Washingtonians know the importance of our export economy. We make great products, and we should be shipping them around the globe, reaching the growing worldwide middle class.
Recently, the U.S. Senate took an important, long-overdue step to support our workers and exporters when it confirmed three nominees to the United States Export-Import Bank (Ex-Im) board of directors.
Ex-Im provides the financing support necessary to help thousands of businesses of every size reach overseas markets – where more than 95% of consumers live.
But since 2015, due to an extreme minority in the United States Senate, the bank has been operating without a quorum on its board of directors, preventing it from approving large transactions and leaving nearly $40 billion worth of deals in limbo.
That’s $40 billion worth of American products unable to reach new markets and new customers. $40 billion of exports supporting high-paying American jobs and economic output left on the factory floor.
That’s why these confirmations are so important – after more than three years, the bank can get back to work clearing this backlog of stalled financing and supporting American businesses and jobs.
Now we need to make sure this good news is more than temporary. The Export-Import Bank will not be able to support new financing at the end of September if Congress does not reauthorize it.
We need to build on our momentum to reauthorize the bank so it can continue to support financing that is vital for American jobs and American exports.
Over the past five years, the bank has supported financing for 128 Washington companies – including many in the Spokane area – to export their products abroad.
One such company is Landmark Turf and Native Seed in Spokane. With the help of the Export-Import Bank, they sell seed products to countries like China, Colombia, Argentina, Turkey and members of the European Union.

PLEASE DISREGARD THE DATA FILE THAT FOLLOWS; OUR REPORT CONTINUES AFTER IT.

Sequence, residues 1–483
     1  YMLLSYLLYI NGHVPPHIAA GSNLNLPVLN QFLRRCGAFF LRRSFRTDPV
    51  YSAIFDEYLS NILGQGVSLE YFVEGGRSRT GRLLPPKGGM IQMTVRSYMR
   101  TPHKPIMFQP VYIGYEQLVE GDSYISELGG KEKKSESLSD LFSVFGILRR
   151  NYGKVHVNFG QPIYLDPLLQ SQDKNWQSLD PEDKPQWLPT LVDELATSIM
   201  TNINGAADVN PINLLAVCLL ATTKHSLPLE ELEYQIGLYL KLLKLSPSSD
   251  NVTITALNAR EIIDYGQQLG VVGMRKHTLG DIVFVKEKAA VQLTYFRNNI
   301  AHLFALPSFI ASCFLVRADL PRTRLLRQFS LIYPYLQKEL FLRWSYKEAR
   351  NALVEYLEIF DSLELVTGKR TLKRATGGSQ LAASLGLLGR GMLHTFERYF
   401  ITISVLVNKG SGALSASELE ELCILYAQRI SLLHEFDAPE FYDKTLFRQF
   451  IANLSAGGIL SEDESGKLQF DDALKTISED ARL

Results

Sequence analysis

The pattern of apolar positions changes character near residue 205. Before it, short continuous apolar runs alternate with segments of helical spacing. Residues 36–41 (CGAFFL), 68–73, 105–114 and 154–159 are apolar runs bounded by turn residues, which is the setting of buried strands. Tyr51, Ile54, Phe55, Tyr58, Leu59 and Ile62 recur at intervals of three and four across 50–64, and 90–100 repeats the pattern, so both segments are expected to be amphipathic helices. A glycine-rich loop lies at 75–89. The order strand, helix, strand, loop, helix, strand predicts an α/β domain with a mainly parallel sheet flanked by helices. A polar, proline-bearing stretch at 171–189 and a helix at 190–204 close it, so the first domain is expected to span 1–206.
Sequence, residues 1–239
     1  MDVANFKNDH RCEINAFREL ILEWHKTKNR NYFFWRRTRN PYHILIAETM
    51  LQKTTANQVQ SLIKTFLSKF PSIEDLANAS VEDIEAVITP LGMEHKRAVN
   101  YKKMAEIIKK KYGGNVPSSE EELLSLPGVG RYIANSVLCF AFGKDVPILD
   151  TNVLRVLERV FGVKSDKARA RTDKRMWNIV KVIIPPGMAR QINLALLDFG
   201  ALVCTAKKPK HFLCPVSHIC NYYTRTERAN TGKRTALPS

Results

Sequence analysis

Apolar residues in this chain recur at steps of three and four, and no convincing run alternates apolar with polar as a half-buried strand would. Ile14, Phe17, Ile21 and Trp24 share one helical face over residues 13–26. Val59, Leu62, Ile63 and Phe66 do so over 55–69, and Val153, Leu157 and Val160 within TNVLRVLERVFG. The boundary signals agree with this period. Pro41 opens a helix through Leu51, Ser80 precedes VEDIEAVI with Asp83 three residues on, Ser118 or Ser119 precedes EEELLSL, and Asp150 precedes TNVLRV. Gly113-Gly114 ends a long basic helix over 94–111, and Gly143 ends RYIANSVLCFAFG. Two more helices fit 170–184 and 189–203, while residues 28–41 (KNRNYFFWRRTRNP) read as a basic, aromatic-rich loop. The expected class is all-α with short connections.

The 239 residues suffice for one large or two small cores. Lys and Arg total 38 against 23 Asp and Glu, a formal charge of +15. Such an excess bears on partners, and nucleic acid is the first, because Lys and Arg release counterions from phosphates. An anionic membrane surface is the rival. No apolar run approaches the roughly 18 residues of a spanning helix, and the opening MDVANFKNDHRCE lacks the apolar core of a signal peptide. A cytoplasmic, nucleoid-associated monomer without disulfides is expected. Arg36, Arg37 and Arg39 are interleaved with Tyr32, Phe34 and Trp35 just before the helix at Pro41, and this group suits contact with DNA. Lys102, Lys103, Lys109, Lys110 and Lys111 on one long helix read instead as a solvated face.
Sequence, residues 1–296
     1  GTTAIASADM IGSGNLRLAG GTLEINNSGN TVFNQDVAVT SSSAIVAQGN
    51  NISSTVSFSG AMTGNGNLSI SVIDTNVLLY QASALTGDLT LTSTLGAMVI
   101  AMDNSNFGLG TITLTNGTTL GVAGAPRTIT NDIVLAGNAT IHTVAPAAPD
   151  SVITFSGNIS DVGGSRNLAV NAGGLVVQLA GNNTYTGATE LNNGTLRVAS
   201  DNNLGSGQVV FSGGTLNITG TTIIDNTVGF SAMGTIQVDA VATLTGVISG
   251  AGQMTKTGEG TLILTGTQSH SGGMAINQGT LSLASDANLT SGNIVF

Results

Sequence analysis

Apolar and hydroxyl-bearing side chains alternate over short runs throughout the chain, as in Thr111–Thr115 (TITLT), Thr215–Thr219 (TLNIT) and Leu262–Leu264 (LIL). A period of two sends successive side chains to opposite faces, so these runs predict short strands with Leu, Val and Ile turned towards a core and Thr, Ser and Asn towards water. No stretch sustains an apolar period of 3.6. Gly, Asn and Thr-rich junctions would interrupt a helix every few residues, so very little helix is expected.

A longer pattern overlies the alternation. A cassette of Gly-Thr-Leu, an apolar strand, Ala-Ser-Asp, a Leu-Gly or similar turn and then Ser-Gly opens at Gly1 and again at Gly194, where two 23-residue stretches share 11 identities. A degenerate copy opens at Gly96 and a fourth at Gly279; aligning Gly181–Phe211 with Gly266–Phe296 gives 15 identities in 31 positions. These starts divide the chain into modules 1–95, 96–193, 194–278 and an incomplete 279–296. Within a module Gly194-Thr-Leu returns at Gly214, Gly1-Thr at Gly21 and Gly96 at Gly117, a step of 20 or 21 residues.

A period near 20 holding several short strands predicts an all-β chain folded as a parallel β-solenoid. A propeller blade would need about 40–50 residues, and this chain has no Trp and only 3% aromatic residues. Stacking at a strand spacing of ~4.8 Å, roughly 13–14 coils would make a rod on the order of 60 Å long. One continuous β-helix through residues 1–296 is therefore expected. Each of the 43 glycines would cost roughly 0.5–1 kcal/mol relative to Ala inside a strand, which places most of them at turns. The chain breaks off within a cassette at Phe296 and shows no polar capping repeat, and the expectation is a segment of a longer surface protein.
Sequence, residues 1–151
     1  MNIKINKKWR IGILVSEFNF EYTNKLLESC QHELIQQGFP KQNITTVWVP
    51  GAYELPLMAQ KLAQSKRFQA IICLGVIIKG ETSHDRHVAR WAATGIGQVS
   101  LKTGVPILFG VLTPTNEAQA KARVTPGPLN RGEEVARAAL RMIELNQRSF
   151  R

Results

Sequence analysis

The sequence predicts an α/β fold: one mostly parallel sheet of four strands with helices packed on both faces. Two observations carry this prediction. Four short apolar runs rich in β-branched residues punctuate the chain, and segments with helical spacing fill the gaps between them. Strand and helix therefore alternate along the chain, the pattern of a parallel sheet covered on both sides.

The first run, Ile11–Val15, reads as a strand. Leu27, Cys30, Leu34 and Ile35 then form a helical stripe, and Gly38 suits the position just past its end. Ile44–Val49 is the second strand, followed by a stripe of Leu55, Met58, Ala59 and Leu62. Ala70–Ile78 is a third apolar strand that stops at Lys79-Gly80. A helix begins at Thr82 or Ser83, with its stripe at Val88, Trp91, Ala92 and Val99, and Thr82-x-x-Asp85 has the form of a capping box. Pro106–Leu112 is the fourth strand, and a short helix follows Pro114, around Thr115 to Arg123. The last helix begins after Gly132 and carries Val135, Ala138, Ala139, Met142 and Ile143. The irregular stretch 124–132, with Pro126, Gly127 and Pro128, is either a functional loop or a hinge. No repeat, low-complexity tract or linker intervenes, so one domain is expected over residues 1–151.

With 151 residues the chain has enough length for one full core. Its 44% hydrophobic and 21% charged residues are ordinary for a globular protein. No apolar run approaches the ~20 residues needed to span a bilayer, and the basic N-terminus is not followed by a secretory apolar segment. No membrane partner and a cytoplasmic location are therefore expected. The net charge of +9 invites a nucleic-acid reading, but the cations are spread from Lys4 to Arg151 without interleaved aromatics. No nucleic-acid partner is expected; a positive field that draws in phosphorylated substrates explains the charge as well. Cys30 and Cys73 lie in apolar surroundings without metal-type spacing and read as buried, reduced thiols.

These foreign sales currently represent more than $10 million a year. But without the Export-Import Bank, those sales could decrease by as much as 80% – that’s why owner Orlin Reinbold describes it as “critical to our financial well-being.”
Another example is SCAFCO, which makes grain storage bins, silos, and other agriculture processing and storage equipment. It manufactures its products in the United States and sells them in more than 80 markets around the world.
When an opportunity arose to sell a grain storage system to Cambodia, SCAFCO was ready to deliver. But the Cambodian market – like many others – is hard for U.S. companies to reach, because private financing is difficult to obtain. With the help of the Ex-Im Bank, however, SCAFCO was able to make the sale.
It’s a textbook example of how the bank delivers for American workers and businesses. Around the country, there are hundreds more.
The U.S. Senate should not be in the business of making it harder for U.S. companies to compete. But that is the unfortunate impact these actions have had.
In Fiscal Year 2014, when the bank was fully operational, it supported nearly 43,650 jobs in Washington and more than 164,000 nationwide. In Fiscal Year 2018, operating without a quorum, the bank was only able to support 650 jobs in Washington and 33,000 nationwide. That’s a decline of 98.5% and 80%, respectively.
The National Association of Manufacturers estimates this has meant the loss of at least 80,000 American manufacturing jobs and $119billion in economic output.
American businesses are some of the best in the world. But with Ex-Im not fully operational, American businesses lost ground to their competitors.
More than 100 other export credit agencies worldwide help foreign companies fill those voids. In fact, China did more export financing in the last three years than the Export-Import Bank has done in its 85-year history.
Washingtonians know that competing in a 21st century economy requires an aggressive export strategy. Washingtonians know the Export-Import Bank is a vital tool in that toolbox.
I’m ready to collaborate with my colleagues in the Senate to grow our export economy by reauthorizing Ex-Im before it expires in September.
Maria Cantwell, D, is a U.S. senator for the state of Washington.
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